o  The adequacy of the proposed plan for sharing or disseminating 
technologies developed or enhanced under this PA.


Award criteria that will be used to make award decisions include:

o  scientific merit (as determined by peer review)
o  availability of funds
o  programmatic priorities


Inquiries are encouraged.  The opportunity to clarify any issues or questions 
from potential applicants is available.

Direct inquiries regarding programmatic issues to:

Michael Huerta, Ph.D.
Division of Basic and Clinical Neuroscience Research
National Institute of Mental Health
6001 Executive Blvd. Room 7202, MSC 9645
Bethesda, MD  20892-9645
Rockville, MD  20852 for express or courier service
Telephone:  (301) 443-3563  
FAX:  (301) 443-1731

Lynn Luethke, Ph.D.
Division of Extramural Research
National Institute on Deafness and Other Communication Disorders
6120 Executive Boulevard, Room 400-C, MSC 7180
Bethesda, MD  20892-7180
Telephone:  (301) 402-3458
FAX:  (301) 402-6251

Ralph Nitkin, Ph.D.
National Center for Medical Rehabilitation Research 
National Institute of Child Health and Human Development
6100 Executive Boulevard, Room 2A01, MSC 7510
Bethesda, MD  20892-7510
Telephone:  (301) 402-4206
FAX:  (301) 402-0832

William J. Heetderks, M.D., Ph.D.
Repair and Plasticity
National Institute of Neurological Disorders and Stroke
6001 Executive Blvd, Room 2207, MSC 9525
Bethesda, MD  20892-9525
Telephone:  (301) 496-1447
FAX:  (301) 480-1080

Thomas G. Aigner, Ph.D.
Division of Neuroscience and Behavioral Research
National Institute on Drug Abuse
6001 Executive Boulevard, Room 4282, MSC 9555
Bethesda, MD  20892-9555
Telephone:  (301) 443-6975
FAX:  (301) 594-6043

Bradley C. Wise, Ph.D.
Neuroscience and Neuropsychology of Aging Program
National Institute on Aging
7201 Wisconsin Avenue, Suite 3C307, MSC 9205
Bethesda, MD  20892-9205
Telephone: (301) 496-9350
FAX:  (301) 496-1494

Direct inquiries regarding fiscal matters to:

Ms. Diana S. Trunnell
Grants Management Branch
National Institute of Mental Health
6001 Executive Boulevard, Room 6115, MSC 9605
Bethesda, MD  20892-9605
Telephone:  (301) 443-2805
FAX:  (301) 443-6885

Ms. Sara Stone
Grants Management Branch
National Institute on Deafness and Other Communication Disorders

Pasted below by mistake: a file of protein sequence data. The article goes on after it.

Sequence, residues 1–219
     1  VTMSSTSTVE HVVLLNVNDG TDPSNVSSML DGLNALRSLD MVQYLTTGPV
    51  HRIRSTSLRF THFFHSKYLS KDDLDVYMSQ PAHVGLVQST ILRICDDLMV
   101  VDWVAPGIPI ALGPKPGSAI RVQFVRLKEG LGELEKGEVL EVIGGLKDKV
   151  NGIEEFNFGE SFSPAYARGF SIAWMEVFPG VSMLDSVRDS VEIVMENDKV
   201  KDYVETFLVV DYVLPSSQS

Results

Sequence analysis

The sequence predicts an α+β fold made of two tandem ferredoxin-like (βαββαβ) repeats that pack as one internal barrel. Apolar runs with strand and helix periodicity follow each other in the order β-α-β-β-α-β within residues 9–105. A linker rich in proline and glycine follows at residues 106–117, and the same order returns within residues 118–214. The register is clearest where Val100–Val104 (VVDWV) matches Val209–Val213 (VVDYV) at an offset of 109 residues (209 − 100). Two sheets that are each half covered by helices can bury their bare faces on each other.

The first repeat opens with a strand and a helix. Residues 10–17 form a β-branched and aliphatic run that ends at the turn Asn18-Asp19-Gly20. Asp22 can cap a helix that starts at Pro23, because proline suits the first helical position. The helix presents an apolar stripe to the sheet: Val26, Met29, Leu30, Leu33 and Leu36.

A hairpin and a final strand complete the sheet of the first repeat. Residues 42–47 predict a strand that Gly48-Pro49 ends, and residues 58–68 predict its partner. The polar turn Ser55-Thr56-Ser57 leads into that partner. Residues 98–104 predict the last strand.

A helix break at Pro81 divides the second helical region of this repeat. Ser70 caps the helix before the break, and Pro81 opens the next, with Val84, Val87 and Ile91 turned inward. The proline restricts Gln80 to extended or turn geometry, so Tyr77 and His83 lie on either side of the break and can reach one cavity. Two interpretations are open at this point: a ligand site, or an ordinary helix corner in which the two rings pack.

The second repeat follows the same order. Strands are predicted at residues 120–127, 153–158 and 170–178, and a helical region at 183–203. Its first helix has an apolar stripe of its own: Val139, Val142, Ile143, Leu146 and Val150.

Executive Plaza South, Room 400B
6120 Executive Boulevard, MSC-7180
Bethesda, MD  20892 
Telephone:  (301) 402-0909
FAX:  (301) 402-1758

Mr. Christopher Myers
Grants Management Branch
National Institute for Child Health and Human Development
6100 Executive Boulevard, Room 8A17, MSC 7510
Bethesda, MD  20892-7510
Telephone:  (301) 435-6996

Ms. Brenda Kibler
Grants Management Branch
National Institute of Neurological Disorders and Stroke
6001 Executive Blvd, Room 3290, MSC 9537
Bethesda, MD  20892-9525
Telephone:  (301) 496-9231
FAX:  (301) 402-0219

Gary Fleming, J.D.
Grants Management Branch
National Institute on Drug Abuse
6001 Executive Boulevard, Room 3131, MSC 9541
Bethesda, MD  20892-9541
Telephone:  (301) 443-6710
FAX:  (301) 594-6847

Ms. Linda Whipp
Grants and Contracts Management Office
National Institute on Aging
7201 Wisconsin Avenue, Suite 2N212, MSC 9205
Bethesda, MD  20892-9205
Telephone:  (301) 496-1472
FAX:  (301) 402-3672


This program is described in the Catalog of Federal Domestic Assistance Nos. 
93.242 (NIMH), 93.847 (NIDCD), 93.865 and 93.929 (NICHD), 93.853 (NINDS), and 
93.279 (NIDA).  Awards are made under authorization of sections 301 and 405 
of the Public Health Service Act as amended (42 USC 241 and 284) and 
administered under NIH grants policies and Federal Regulations 42 CFR 52 and 
45 CFR Parts 74 and 92.  This program is not subject to the intergovernmental 
review requirements of Executive Order 12372 or Health Systems Agency review.

The PHS strongly encourages all grant and contract recipients to provide a 
smoke-free workplace and promote the non-use of all tobacco products.  In 
addition, Public Law 103-227, the Pro-Children Act of 1994, prohibits smoking 
in certain facilities (or in some cases, any portion of a facility) in which 
regular or routine education, library, day care, health care or early 
childhood development services are provided to children.  This is consistent 
with the PHS mission to protect and advance the physical and mental health of 
the American people.

Return to Volume Index

Return to NIH Guide Main Index

Office of Extramural Research (OER) - Home Page Office of Extramural
Research (OER)
  National Institutes of Health (NIH) - Home Page National Institutes of Health (NIH)
9000 Rockville Pike
Bethesda, Maryland 20892
  Department of Health and Human Services (HHS) - Home Page Department of Health
and Human Services (HHS) - Government Made Easy

Note: For help accessing PDF, RTF, MS Word, Excel, PowerPoint, Audio or Video files, see Help Downloading Files.